monitoring system.

Causes Of Tsunami?

What causes a tsunami?... A tsunami is a large ocean wave that is caused by sudden motion on the ocean floor. This sudden motion could be an earthquake, a powerful volcanic eruption, or an underwater landslide. The impact of a large meteorite could also cause a tsunami. Tsunamis travel across the open ocean at great speeds and build into large deadly waves in the shallow water of a shoreline.

Subduction Zones are Potential Tsunami Locations

Most Tsunamis are caused by earthquakesgenerated in a subduction zone, an area where an oceanic plate is being forced down into the mantle by plate tectonic forces. The friction between the subducting plate and the overriding plate is enormous. This friction prevents a slow and steady rate of subduction and instead the two plates become "stuck".
Image by USGS

Accumulated Seismic Energy

As the stuck plate continues to descend into the mantle the motion causes a slow distortion of the overriding plage. The result is an accumulation of energy very similar to the energy stored in a compressed spring. Energy can accumulate in the overriding plate over a long period of time - decades or even centuries.
Image by USGS

Earthquake Causes Tsunami

Energy accumulates in the overriding plate until it exceeds the frictional forces between the two stuck plates. When this happens, the overriding plate snaps back into an unrestrained position. This sudden motion is the cause of the tsunami - because it gives an enormous shove to the overlying water. At the same time, inland areas of the overriding plate are suddenly lowered.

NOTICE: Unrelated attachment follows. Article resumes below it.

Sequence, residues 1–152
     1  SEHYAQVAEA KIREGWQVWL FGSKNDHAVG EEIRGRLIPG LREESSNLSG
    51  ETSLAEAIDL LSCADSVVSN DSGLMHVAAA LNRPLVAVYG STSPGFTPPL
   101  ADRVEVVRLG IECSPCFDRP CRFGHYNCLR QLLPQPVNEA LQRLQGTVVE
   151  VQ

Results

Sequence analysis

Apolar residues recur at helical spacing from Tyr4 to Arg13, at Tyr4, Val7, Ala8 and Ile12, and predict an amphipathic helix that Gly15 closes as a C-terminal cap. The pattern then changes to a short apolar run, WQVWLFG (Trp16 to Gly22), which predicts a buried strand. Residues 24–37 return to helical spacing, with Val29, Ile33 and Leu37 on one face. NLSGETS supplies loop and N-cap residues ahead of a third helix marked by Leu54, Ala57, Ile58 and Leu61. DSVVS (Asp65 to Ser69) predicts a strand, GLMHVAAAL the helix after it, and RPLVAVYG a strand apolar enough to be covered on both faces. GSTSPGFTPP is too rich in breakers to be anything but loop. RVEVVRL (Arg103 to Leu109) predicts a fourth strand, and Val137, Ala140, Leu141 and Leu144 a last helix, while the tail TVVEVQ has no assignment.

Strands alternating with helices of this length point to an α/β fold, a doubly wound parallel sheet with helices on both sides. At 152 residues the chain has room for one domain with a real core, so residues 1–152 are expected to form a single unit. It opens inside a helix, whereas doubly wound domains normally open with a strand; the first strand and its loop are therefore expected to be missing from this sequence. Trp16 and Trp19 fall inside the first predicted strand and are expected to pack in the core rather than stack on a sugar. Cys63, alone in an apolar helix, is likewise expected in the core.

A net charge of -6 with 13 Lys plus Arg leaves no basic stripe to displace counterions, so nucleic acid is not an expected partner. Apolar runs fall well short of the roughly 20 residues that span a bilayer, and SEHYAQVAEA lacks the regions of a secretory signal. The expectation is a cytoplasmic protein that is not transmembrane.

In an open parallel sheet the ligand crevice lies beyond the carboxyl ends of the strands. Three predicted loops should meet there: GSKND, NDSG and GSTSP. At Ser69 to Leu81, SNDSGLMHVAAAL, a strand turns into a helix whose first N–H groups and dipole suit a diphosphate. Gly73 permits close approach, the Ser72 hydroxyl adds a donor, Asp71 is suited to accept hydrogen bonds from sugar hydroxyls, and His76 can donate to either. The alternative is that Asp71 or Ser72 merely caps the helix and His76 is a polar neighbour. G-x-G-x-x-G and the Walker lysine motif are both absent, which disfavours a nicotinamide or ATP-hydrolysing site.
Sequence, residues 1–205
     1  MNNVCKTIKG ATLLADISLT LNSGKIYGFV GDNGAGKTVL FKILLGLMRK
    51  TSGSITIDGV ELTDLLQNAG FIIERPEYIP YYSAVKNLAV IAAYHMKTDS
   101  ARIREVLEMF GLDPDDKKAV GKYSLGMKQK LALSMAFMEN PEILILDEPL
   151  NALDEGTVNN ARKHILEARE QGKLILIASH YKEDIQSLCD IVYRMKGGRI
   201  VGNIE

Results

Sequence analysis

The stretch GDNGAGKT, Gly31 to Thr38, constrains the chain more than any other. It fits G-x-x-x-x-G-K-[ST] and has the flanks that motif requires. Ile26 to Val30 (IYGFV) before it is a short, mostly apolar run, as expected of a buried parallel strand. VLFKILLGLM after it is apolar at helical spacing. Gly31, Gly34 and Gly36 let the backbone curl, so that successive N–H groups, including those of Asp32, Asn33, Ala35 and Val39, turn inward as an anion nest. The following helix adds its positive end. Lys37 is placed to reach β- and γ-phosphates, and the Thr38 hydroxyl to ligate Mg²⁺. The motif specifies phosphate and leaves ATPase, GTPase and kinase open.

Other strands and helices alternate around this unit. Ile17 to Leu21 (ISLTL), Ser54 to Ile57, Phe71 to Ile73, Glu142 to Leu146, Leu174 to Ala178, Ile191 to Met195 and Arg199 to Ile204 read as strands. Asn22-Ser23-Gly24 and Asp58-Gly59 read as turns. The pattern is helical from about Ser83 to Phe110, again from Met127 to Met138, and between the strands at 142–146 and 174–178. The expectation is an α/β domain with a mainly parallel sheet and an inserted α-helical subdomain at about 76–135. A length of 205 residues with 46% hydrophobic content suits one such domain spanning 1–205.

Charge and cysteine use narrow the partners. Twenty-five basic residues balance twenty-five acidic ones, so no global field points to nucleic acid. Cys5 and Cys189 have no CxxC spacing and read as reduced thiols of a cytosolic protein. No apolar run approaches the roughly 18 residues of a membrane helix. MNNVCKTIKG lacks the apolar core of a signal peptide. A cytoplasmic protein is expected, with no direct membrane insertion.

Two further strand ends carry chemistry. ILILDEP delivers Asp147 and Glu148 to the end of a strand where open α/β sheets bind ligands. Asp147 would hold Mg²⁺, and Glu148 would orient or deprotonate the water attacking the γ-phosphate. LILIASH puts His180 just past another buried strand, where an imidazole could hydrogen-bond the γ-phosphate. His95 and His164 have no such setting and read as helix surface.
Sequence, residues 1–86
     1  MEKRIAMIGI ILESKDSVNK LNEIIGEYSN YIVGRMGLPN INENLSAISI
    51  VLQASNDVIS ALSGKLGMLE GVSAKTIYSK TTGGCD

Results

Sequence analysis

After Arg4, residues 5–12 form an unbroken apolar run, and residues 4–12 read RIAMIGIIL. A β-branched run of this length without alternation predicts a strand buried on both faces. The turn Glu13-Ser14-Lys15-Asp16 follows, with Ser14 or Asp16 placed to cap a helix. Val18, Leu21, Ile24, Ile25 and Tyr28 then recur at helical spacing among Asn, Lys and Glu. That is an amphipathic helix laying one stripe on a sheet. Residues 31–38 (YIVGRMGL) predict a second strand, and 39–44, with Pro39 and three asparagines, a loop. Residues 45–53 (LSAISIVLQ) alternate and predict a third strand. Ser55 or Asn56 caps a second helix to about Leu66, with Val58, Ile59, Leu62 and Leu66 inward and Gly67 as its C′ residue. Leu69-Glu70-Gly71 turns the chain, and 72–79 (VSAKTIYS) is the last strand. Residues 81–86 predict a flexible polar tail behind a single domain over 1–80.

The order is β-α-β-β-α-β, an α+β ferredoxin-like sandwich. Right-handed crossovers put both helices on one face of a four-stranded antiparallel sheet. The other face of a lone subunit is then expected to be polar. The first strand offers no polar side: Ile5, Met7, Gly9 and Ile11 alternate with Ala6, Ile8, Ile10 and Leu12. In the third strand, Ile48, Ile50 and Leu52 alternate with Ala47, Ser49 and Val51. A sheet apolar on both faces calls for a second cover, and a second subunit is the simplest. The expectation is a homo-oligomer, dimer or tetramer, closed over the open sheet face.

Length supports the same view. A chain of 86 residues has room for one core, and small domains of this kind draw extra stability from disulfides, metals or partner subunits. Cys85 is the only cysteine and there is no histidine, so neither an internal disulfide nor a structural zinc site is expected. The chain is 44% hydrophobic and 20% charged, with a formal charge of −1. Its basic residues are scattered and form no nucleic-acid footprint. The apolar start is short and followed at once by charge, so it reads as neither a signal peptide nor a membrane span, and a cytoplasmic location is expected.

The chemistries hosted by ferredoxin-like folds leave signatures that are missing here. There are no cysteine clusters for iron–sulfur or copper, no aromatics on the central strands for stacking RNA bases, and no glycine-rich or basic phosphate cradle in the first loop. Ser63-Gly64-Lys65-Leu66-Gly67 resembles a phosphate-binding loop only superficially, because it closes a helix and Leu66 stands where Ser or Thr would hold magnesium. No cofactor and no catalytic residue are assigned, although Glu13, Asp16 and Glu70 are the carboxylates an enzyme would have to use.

Image by USGS

Tsunami Races Away From the Epicenter

The moving wave begins travelling out from where the earthquake has occurred. Some of the water travels out and across the ocean basin, and, at the same time, water rushes landward to flood the recently lowered shoreline.
Image by USGS

Tsunamis Travel Rapidly Across Ocean Basis

Tsunamis travel swiftly across the open ocean. The map below shows how a tsunami produced by an earthquake along the coast of Chile in 1960 traveled across the Pacific Ocean, reaching Hawaii in about 15 hours and Japan in less than 24 hours.
Image by USGS
Tsunami "Wave Train"
Many people have the mistaken belief that tsunamis are single waves. They are not. Instead tsunamis are "wave trains" consisting of multiple waves. The chart below is a tidal gauge record from Onagawa, Japan beginning at the time of the 1960 Chile earthquake. Time is plotted along the horizontal axis and water level is plotted on the vertical axis. Note the normal rise and fall of the ocean surface, caused by tides, during the early part of this record. Then recorded are a few waves a little larger than normal followed by several much larger waves. In many tsunami events the shoreline is pounded by repeated large waves.
Image by USGS
The material above describes how tsunamis are generated and how they travel rapidly across an ocean basin. For more detailed information on this topic the following websites are recommended.

Tsunami in History

Tsunami are not rare, with at least 25 tsunami occurring in the last century. Of these, many were recorded in the Asia–Pacific region—particularly Japan. The 2004 Indian Ocean Tsunami caused approximately 350,000 deaths and many more injuries.
As early as 426 B.C. the Greek historian Thucydides inquired in his book History of the Peloponnesian War about the causes of tsunami, and argued correctly that it could only be explained as a consequence of ocean earthquakes.[2] He was thus the first in the history of natural science to correlate quakes and waves in terms of cause and effect:[3]
The cause, in my opinion, of this phenomenon must be sought in the earthquake. At the point where its shock has been the most violent the sea is driven back, and suddenly recoiling with redoubled force, causes the inundation. Without an earthquake I do not see how such an accident could happen.[15]
The Roman historian Ammianus Marcellinus (Res Gestae 26.10.15-19) described the typical sequence of a tsunami, including an incipient earthquake, the sudden retreat of the sea and a following gigantic wave, after the 365 A.D. tsunami devastated Alexandria.[16][17]